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Skaldic Poetry of the Scandinavian Middle Ages

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Þhorn Gldr 3I

Edith Marold (ed.) 2012, ‘Þorbjǫrn hornklofi, Glymdrápa 3’ in Diana Whaley (ed.), Poetry from the Kings’ Sagas 1: From Mythical Times to c. 1035. Skaldic Poetry of the Scandinavian Middle Ages 1. Turnhout: Brepols, p. 81.

Þorbjǫrn hornklofiGlymdrápa
234

text and translation

Hrjóðr lét hæstrar tíðar
harðráðr skipa bǫrðum
bôru fáks ins bleika
barnungr á lǫg þrungit,
þar svát barsk at borði
(borðhǫlkvi rak norðan)
hlífar valdr til hildar
(hregg) dǫglinga tveggja.

{Harðráðr hrjóðr {ins bleika fáks bôru}} lét barnungr hæstrar tíðar þrungit bǫrðum skipa á lǫg, svát {valdr hlífar} barsk þar at borði til hildar tveggja dǫglinga; hregg rak {borðhǫlkvi} norðan.
 
‘The hard-ruling clearer of the pale horse of the wave [SHIP > SEA-WARRIOR = Haraldr], [when] child-young, had ships’ prows put out to sea at the best time, so that the owner of the shield [WARRIOR = Haraldr] travelled on board there into battle against two rulers; the storm drove the plank-horse [SHIP] from the north.

notes and context

The sources place this stanza in different contexts. Fsk associates sts 3-5 with the battle of Hafrsfjǫrðr (Hafrsfjorden), citing them in unbroken sequence after Þhorn Harkv 7-11. Hkr reports that Haraldr goes south to Mœrr (Møre) and defeats Húnþjófr, king of Norðmœrr (Nordmøre), and King Nǫkkvi, the ruler of Raumsdalr (Romsdalen), in a major battle near Sólskel (Solskjel). It then cites sts 3/5-8 and 4 as a single stanza. Flat (HarHárf) cites st. 3, followed by two stanzas comprising sts 9 and 5/1-4, and 5/5-8 and 4, in the context of a battle against three kings of Norðmœrr, which precedes the battle of Sólskel. SnE (Skm) provides the stanza’s first helmingr as an example of a ship-kenning.

The prose texts preserve the helmingar of sts 3-5 and 9 in various combinations (see Context above), and eds vary. The text given here, like that of Skald, follows the arrangement of the text as preserved in Fsk, since the stanza here begins with a main clause as all other stanzas in Gldr do, followed by a subordinate clause (cf. Fidjestøl 1982, 87), and since Hkr lacks st. 3/1-4. — [5-8]: The syntactic structure of this helmingr is problematic. (a) The construal here corresponds to that of most other eds. (b) Kock (NN §§232, 2212) simplifies the syntax by reading borðhǫlkvi rak norðan as ‘it drove the plank-horse [SHIP] from the north’, i.e. as a parenthesis containing an impersonal use of rak ‘drove’. But his reading also entails reading hildar hreggs ‘of the storm of Hildr <valkyrie> [BATTLE]’, in which hreggs is the reading of F only, and clearly a scribal ‘improvement’. (c) Sveinbjörn Egilsson (Fms 12) and Reichardt (1928, 27-9) combine valdr hlífar ‘the owner of the shield [WARRIOR]’ as the subject of rak borðhǫlkvi ‘drove the plank-horse [SHIP]’. But barsk at borði cannot then be adequately accounted for (as Finnur Jónsson 1929b, 137 notes).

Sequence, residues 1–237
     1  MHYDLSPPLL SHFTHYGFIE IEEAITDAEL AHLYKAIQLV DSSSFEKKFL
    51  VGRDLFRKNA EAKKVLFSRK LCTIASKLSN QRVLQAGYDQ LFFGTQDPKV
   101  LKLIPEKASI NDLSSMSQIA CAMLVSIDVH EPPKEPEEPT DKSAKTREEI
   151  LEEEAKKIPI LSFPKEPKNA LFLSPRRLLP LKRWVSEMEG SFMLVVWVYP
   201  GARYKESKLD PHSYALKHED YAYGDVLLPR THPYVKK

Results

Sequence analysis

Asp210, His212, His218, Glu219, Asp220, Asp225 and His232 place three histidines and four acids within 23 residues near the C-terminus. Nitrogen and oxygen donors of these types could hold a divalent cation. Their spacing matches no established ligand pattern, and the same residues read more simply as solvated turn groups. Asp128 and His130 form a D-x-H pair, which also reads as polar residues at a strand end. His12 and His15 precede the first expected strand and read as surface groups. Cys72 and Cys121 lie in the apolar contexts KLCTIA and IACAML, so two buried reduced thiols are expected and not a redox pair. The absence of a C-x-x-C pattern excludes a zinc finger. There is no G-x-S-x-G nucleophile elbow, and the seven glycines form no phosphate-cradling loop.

readings

sources

Text is based on reconstruction from the base text and variant apparatus and may contain alternative spellings and other normalisations not visible in the manuscript text. Transcriptions may not have been checked and should not be cited.

editions and texts

Skj: Þórbjǫrn hornklofi, 1. Glymdrápa 3, 4/1-4: AI, 22, BI, 20, Skald I, 13, NN §§232, 1020, 1916A, 2212; Hkr 1893-1901, I, 109, IV, 30-1, ÍF 26, 103, Hkr 1991, 63 (HHárf ch. 10), F 1871, 42; Fsk 1902-3, 18 (ch. 2), ÍF 29, 69 (ch. 3); Fms 10, 186-7, Fms 12, 224-5, Flat 1860-8, I, 572 (HarHárf); SnE 1848-87, I, 440-1, II, 331, 442, SnE 1931, 156, SnE 1998, I, 74.

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